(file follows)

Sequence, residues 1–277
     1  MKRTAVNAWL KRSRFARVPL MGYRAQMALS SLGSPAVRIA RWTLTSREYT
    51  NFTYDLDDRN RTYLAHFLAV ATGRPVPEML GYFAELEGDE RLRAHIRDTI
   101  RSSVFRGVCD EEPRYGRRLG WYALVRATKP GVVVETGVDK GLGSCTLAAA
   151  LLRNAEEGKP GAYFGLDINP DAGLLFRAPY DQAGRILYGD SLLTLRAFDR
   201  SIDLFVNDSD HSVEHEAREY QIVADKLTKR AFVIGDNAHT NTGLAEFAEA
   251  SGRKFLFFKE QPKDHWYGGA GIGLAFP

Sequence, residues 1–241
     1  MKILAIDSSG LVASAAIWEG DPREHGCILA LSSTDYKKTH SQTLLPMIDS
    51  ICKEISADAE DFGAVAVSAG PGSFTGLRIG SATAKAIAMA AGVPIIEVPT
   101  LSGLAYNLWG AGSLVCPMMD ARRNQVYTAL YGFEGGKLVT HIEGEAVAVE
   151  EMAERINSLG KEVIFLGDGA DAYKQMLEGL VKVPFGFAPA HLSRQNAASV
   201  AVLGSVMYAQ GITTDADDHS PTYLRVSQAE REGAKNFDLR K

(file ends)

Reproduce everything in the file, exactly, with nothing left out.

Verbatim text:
Sequence, residues 1–277
     1  MKRTAVNAWL KRSRFARVPL MGYRAQMALS SLGSPAVRIA RWTLTSREYT
    51  NFTYDLDDRN RTYLAHFLAV ATGRPVPEML GYFAELEGDE RLRAHIRDTI
   101  RSSVFRGVCD EEPRYGRRLG WYALVRATKP GVVVETGVDK GLGSCTLAAA
   151  LLRNAEEGKP GAYFGLDINP DAGLLFRAPY DQAGRILYGD SLLTLRAFDR
   201  SIDLFVNDSD HSVEHEAREY QIVADKLTKR AFVIGDNAHT NTGLAEFAEA
   251  SGRKFLFFKE QPKDHWYGGA GIGLAFP

Sequence, residues 1–241
     1  MKILAIDSSG LVASAAIWEG DPREHGCILA LSSTDYKKTH SQTLLPMIDS
    51  ICKEISADAE DFGAVAVSAG PGSFTGLRIG SATAKAIAMA AGVPIIEVPT
   101  LSGLAYNLWG AGSLVCPMMD ARRNQVYTAL YGFEGGKLVT HIEGEAVAVE
   151  EMAERINSLG KEVIFLGDGA DAYKQMLEGL VKVPFGFAPA HLSRQNAASV
   201  AVLGSVMYAQ GITTDADDHS PTYLRVSQAE REGAKNFDLR K